People were cutting back on basic foods because they could not afford rising prices, with the very poor even going without bread, a staple food, said a report released in Pietermaritzburg yesterday.
The 2013 Pietermaritzburg Agency for Christian Social Awareness (Pacsa) Food Price Barometer report was released to coincide with World Food Day today. Pacsa is an NGO working towards socio-economic justice and transformation.
The report, compiled by Julie Smith and Mervyn Abrahams, was based on research from last September until last month on the prices of 32 basic foods from four different retailers that served the low income market.
The basket cost R1 509.34 and would feed a family of seven.
Smith said the food was divided into eight categories and went up in all except two: meat, which dropped by 10.8 percent, and salt and spices, which dropped by 9 percent.
Dairy and eggs went up the most, by 17.8 percent.
“One of the findings is that the core staples of maize meal, rice, flour, bread, potatoes, sugar and oil are becoming more expensive and increasingly unaffordable.”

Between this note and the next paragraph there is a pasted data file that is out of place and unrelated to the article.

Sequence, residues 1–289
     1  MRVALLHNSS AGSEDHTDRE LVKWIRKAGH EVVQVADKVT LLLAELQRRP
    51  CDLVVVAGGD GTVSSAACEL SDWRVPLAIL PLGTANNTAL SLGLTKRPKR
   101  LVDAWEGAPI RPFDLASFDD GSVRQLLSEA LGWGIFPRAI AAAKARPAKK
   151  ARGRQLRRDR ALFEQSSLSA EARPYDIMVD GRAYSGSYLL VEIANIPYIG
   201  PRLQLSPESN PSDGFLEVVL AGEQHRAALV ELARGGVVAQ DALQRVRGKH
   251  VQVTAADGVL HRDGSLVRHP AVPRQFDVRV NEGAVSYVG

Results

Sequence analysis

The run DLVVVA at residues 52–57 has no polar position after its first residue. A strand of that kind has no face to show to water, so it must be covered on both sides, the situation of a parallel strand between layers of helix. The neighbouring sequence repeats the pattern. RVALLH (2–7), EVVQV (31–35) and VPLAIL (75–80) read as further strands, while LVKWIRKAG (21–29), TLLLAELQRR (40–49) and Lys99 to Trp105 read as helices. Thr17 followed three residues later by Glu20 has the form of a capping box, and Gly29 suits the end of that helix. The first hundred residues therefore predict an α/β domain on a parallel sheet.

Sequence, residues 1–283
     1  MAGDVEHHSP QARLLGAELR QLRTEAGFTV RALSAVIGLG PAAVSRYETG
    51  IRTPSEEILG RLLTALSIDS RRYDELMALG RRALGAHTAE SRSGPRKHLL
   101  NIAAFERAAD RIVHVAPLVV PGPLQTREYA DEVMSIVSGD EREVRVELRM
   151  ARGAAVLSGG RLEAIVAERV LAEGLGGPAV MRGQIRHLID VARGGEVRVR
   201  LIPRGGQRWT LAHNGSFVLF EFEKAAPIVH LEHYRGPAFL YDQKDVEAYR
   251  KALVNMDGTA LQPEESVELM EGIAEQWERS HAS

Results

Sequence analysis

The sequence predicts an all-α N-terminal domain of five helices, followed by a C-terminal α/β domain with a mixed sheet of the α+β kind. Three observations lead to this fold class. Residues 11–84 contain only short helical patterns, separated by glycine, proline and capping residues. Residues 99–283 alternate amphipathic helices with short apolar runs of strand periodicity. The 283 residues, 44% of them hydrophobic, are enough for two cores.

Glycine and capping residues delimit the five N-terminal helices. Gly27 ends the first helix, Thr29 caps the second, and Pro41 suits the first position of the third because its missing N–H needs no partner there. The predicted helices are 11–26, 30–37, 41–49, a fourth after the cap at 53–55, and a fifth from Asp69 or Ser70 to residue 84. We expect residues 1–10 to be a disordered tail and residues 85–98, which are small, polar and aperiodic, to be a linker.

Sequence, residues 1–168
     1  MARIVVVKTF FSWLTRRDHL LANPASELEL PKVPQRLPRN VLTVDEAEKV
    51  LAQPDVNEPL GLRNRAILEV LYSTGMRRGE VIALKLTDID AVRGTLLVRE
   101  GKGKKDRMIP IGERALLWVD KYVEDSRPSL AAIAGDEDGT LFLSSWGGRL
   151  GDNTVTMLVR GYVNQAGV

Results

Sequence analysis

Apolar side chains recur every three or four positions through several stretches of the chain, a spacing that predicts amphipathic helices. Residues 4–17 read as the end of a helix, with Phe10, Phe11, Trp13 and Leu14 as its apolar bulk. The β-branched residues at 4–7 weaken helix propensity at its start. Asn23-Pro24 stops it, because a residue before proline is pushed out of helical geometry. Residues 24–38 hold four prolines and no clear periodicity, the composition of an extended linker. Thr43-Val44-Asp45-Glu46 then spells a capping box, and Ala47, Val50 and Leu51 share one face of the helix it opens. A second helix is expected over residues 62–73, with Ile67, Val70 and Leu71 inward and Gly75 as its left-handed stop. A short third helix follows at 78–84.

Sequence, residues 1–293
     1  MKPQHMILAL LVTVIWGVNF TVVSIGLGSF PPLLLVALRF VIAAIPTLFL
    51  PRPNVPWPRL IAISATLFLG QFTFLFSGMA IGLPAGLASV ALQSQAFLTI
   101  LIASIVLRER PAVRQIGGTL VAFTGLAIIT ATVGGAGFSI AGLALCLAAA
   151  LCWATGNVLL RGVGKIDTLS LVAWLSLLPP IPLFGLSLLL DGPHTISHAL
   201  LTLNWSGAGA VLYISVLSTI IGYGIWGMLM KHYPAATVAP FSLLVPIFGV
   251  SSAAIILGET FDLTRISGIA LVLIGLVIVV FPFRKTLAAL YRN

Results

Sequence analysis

The core staples formed the diets of the working class and poor households which had to spend more money on starches, leaving less money to buy meat and other nutritional foodstuff.
“This has a significant impact on dietary diversity and has serious implications for people’s health.”
Smith said the women interviewed were concerned that cheap food was making them sick.
The inflation on the food basket, 8.7 percent, was higher than the Consumer Price Index of 6.4 percent and the Consumer Price Index-Food of 7.1 percent. This indicated that poorer households carried a greater inflation burden.
She said that while food availability across the country was not generally a problem, access was a problem because of affordability.
In Pietermaritzburg, 60 percent of households earned less than R3 200 a month and spent most of their income – about 47 percent – on food.
Smith said the report showed that food prices went up the most over the Christmas period, which was concerning because it could be driving higher levels of food price inflation throughout the year.
She said that when prices came down after a spike (Christmas), they stabilised at a higher base.
The report recommended that the national government focus on ensuring that staple foods were affordable, overcoming income poverty through greater employment and linking salary and social grant increases to the consumer price index for food.
Pietermaritzburg resident Ronald Mnikathi, of Sinathing, was one of the people who had to cut back this year on how much food he bought for his family of five.
He said he no longer bought meat. However, on “rare” occasions he bought cheaper chicken cuts such as the necks and feet.
He added that his family ate a lot of vegetables and starch products. Mnikathi said he usually spent R900 a month on food. - The Mercury